I am curious to hear what you think about how the father in this story responded. The father definitely created an experience for the son to live the consequences. In the short run, it may have been painful for both of them, definitely for the son; however, in the long run, do you agree it was a valuable lesson that positively influenced future choices by the son? Doesn’t that make it a t.e.l.l.ing interaction?

When I asked this subscriber to elaborate further on this situation and his mindset as a 6-year-old, he added other thoughtful lessons learned from his father…

Going back that many years to identify my mindset might be a challenge but I do think that even at 6, I took the badge knowing it was wrong. I didn’t go in with the intent to steal it but when I saw it, I wanted it. We were very poor and I knew I couldn’t ask for it so I guess I took it. Lying to my dad was a natural act I guess, since I knew if I told him the truth I’d be in big trouble. Not sure how reasonable a 6-year-old’s mind is, but I knew enough to lie about it.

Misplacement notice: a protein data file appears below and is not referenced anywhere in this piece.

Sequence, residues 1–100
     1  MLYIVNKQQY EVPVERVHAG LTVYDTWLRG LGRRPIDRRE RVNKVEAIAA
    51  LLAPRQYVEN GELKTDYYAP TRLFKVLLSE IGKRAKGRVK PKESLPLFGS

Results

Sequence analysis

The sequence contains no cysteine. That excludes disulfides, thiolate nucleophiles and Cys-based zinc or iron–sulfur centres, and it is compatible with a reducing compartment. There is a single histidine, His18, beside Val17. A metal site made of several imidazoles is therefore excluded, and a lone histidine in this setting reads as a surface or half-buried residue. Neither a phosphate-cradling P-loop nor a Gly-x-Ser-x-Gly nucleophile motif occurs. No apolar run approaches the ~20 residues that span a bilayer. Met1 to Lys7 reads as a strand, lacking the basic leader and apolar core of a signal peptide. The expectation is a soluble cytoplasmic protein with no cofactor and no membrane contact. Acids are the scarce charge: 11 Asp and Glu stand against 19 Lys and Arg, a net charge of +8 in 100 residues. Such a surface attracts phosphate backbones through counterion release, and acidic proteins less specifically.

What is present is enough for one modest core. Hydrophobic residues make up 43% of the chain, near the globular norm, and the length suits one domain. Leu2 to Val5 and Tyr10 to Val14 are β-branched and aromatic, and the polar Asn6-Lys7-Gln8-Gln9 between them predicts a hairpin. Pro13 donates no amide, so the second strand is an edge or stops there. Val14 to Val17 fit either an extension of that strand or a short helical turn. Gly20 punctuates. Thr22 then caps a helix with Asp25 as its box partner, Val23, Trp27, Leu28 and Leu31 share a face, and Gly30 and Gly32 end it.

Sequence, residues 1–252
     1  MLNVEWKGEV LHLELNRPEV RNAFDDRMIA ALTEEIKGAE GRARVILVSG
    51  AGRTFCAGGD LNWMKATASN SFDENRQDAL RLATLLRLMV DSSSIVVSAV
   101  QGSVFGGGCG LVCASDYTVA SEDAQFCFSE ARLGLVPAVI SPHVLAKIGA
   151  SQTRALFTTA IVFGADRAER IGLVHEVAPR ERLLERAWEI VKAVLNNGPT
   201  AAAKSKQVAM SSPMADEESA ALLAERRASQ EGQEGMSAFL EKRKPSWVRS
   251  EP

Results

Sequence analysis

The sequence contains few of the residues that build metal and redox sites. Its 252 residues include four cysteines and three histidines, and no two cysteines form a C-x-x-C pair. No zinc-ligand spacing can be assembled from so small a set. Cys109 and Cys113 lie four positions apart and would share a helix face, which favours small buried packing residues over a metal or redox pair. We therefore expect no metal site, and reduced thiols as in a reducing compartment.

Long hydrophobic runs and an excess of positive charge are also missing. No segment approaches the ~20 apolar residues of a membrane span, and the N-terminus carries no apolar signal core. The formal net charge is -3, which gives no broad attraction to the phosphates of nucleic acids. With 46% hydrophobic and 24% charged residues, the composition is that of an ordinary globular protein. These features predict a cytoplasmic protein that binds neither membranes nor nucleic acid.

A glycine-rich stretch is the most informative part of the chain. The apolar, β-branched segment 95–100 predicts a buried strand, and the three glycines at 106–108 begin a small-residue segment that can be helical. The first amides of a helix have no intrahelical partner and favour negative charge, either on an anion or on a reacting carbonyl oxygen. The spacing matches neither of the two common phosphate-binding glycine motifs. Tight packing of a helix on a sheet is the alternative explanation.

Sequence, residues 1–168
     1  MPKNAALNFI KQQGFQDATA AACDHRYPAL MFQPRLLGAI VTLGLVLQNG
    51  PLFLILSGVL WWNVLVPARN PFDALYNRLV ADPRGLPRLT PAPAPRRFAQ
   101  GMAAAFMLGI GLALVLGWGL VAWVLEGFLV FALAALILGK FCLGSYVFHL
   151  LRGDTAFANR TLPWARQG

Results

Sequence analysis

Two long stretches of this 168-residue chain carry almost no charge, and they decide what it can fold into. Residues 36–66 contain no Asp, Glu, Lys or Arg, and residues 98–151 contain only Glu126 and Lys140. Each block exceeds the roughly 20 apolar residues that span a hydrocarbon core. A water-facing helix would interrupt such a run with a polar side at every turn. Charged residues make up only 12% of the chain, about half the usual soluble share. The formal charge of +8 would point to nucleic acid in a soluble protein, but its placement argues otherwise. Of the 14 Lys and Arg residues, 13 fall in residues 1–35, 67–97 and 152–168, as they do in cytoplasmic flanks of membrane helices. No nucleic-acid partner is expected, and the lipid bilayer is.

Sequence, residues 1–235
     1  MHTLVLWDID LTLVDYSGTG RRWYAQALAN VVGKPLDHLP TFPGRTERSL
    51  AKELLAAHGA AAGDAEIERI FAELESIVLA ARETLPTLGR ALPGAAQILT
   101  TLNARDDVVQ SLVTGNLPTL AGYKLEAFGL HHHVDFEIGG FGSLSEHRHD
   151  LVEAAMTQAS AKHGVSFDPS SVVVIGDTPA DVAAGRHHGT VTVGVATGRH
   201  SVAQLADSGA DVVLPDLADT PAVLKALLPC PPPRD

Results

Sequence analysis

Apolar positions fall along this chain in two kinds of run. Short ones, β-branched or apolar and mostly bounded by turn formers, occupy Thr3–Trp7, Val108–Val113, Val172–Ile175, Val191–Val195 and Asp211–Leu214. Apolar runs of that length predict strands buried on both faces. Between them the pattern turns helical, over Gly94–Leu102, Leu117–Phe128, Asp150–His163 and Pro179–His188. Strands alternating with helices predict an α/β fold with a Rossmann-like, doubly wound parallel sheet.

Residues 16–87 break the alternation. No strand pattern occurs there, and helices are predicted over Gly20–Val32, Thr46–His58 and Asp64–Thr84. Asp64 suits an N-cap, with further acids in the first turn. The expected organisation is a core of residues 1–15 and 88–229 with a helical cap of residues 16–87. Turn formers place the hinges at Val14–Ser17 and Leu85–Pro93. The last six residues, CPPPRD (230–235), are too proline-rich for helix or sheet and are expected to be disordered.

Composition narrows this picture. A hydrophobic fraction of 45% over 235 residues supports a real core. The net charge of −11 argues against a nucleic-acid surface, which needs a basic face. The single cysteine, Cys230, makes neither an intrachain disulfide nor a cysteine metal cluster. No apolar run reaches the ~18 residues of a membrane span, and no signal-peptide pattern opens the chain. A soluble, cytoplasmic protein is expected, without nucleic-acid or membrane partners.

My initial thoughts in the basement were, “Am I ever going to get out of here?” I neglected to share that when he would bring food or water, he always had a story or lesson about trust, honesty, stealing, hurting other people by my actions etc. That was the longest two days of my youth. 

My dad had matter-of-fact ways to teach. Like the time we were driving to my grandmother’s house in the country and I threw a tissue out the window. He locked up the brakes, I went flying into the back of his seat and he looked in the mirror and said, “Go get it.” When I came back he simply said, “Don’t ever throw anything out of the car again.” He never said another thing, but I STILL don’t throw things out of a car or litter. 

Many thoughts have come to my mind as I read and write this story to share with you. Why and how do you think these interactions are t.e.l.l.ing? That is, how did the father’s lessons teach, encourage, listen, and love the son? Send me a message below.

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097: A teenager’s perspective on what lying is — and isn’t